Mondaire Jones Knows How to Fight for Progress

We’ve learned a lot these past two weeks about Americans, their elected leaders, and the massive gulf in courage between the two. Yes, Republican leaders have acted as cruelly as expected, from Donald Trump’s disturbing, televised threats to send in the military on peaceful protestors to Tom Cotton’s outrageous NY Times op-ed. But we’ve also seen so many elected Democrats utterly fail this test, over and over again, indicative of problems deeper than just pure partisanship.

Congressional leadership has been just about silent, too busy on vacation to take a real stand. Worse, Democrats that run the states and cities where many of these protests and police beatings are happening have encouraged and privileged the carnage. Here in NYC, Mayor de Blasio and Governor Cuomo spent the week deploying vicious cops to clobber innocent people who dare violate a draconian 8 pm curfew, then applauded those officers’ “restraint.” 

We are in desperate need of change, and it’s now clear that to make it happen, we need a new generation of leaders who actually experience the stakes in their own lives. And like Alex Morse a few weeks ago, New York congressional candidate Mondaire Jones certainly fits the bill.

Jones is running in the Democratic Primary for Congress in New York’s 17th district, just north of NYC, and has been endorsed by Elizabeth Warren and Alexandria Ocasio-Cortez, among othersHe’s one of five Democrats seeking the seat that the retiring Nita Lowey has held since 1989, when Jones was just two years old, underscoring the need for change. The welfare of the 17th district is personal to him, as Jones grew up in Lowey’s district, and understands what it’s like to have the odds stacked up against you — he is an openly gay black man who grew up poor in a starkly divided community he likens to a Tale of Two Cities.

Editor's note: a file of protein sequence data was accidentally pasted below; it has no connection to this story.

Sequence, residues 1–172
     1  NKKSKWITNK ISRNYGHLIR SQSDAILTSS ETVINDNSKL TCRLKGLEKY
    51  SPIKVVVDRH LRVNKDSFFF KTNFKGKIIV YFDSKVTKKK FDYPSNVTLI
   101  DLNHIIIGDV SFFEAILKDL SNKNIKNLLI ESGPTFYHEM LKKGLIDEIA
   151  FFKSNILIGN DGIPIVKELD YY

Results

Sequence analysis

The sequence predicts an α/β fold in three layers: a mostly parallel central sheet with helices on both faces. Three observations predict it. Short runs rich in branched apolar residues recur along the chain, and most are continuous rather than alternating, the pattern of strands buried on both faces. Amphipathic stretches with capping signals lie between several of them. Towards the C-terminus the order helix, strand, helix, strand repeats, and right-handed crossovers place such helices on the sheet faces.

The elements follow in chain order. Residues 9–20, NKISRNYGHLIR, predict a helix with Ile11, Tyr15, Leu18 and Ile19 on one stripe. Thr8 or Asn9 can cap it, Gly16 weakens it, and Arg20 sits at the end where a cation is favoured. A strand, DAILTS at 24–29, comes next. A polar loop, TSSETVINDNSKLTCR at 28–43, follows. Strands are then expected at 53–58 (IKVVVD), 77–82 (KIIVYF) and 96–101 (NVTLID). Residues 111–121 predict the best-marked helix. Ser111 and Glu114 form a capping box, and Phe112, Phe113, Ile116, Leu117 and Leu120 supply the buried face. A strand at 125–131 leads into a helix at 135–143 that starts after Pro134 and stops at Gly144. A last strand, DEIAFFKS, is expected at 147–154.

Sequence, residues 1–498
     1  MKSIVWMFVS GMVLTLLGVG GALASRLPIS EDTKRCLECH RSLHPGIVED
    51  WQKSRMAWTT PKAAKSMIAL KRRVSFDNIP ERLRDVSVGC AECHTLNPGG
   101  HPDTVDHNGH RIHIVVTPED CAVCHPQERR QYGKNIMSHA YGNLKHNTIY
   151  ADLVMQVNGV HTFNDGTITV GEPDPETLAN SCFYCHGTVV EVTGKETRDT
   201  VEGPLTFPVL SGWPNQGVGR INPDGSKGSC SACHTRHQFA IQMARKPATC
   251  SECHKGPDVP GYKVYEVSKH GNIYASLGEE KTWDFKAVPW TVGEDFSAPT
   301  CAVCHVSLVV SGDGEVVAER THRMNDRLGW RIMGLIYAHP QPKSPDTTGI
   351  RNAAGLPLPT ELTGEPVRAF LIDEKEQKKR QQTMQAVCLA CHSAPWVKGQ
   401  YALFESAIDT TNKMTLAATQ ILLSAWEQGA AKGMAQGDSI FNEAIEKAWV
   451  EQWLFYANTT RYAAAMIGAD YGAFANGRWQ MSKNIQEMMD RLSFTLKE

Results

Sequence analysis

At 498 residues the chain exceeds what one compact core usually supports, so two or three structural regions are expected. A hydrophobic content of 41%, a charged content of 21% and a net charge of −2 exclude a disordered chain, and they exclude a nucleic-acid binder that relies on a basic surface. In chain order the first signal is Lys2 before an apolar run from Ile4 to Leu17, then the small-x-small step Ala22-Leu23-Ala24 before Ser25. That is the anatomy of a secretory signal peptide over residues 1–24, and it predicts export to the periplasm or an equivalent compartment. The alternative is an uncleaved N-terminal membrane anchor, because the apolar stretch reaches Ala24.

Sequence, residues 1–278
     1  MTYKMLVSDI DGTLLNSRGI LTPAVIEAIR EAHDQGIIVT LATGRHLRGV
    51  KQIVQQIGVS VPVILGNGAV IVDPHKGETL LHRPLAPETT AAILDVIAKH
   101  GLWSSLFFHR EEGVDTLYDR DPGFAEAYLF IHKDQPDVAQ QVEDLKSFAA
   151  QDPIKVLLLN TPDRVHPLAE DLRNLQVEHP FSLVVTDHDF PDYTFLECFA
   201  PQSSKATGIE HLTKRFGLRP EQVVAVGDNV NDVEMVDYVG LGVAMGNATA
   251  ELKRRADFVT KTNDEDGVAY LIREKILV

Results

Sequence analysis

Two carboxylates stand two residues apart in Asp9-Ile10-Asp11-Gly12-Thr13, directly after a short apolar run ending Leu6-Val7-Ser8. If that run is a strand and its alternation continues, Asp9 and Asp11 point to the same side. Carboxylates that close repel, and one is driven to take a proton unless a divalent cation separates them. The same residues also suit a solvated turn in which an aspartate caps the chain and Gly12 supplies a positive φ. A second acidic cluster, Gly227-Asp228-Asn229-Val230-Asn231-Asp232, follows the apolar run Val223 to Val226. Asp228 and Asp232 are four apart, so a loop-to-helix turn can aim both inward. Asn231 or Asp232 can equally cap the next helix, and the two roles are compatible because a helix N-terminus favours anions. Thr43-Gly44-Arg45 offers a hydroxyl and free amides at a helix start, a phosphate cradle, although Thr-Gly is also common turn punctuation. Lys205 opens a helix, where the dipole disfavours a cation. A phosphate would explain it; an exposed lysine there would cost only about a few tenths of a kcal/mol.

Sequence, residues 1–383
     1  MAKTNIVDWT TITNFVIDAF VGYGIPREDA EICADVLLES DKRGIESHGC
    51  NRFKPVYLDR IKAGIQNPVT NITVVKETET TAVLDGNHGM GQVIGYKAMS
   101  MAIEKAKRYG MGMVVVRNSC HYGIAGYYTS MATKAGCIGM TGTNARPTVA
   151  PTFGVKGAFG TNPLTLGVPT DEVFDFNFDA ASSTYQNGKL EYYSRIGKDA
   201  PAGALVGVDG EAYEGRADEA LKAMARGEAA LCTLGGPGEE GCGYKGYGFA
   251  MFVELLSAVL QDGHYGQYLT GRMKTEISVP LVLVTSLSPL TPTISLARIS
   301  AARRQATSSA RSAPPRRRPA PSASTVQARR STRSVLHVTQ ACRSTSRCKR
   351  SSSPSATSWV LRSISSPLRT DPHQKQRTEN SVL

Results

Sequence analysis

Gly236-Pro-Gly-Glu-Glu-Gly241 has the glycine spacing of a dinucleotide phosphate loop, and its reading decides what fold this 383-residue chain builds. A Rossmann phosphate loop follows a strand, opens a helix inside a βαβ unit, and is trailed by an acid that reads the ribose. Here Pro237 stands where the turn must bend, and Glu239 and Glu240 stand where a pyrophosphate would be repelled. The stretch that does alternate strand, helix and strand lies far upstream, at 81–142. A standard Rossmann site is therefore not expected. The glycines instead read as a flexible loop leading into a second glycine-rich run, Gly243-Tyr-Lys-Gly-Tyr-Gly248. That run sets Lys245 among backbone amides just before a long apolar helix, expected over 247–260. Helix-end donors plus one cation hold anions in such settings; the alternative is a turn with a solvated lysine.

His resume at 32 years old is impeccable: Jones attended Harvard Law and worked in Barack Obama’s Department of Justice. He’s also long been an activist; Jones became a national NAACP leader in high school and organized against racist police while an undergrad at Stanford. After a short stint in corporate law, he returned home to work for the Westchester County Attorney’s office, where he’s served ever since. 

During our conversation last week, he not only expressed support for progressive policies — including Medicare for All, the Green New Deal, and a massive investment in public housing — but also displayed the fighting spirit that it’s going to require to actually get any of those things passed. And in a district that is guaranteed to elect a Democrat, having a progressive with a backbone in office is essential. That he’s running against a state senator who was a member of the turncoat IDC, which gave Republicans virtual control of New York for nearly a decade, makes this race even more urgent.

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“I’m not someone who is still traumatized by Democratic losses in the ‘80s,” Jones said, winning me over in just one sentence. “We need to recognize that public opinion has shifted dramatically. Progressive policies are overwhelmingly supported by the American people. And now we need champions who can message it and who can fight for us without being afraid of their own shadow.”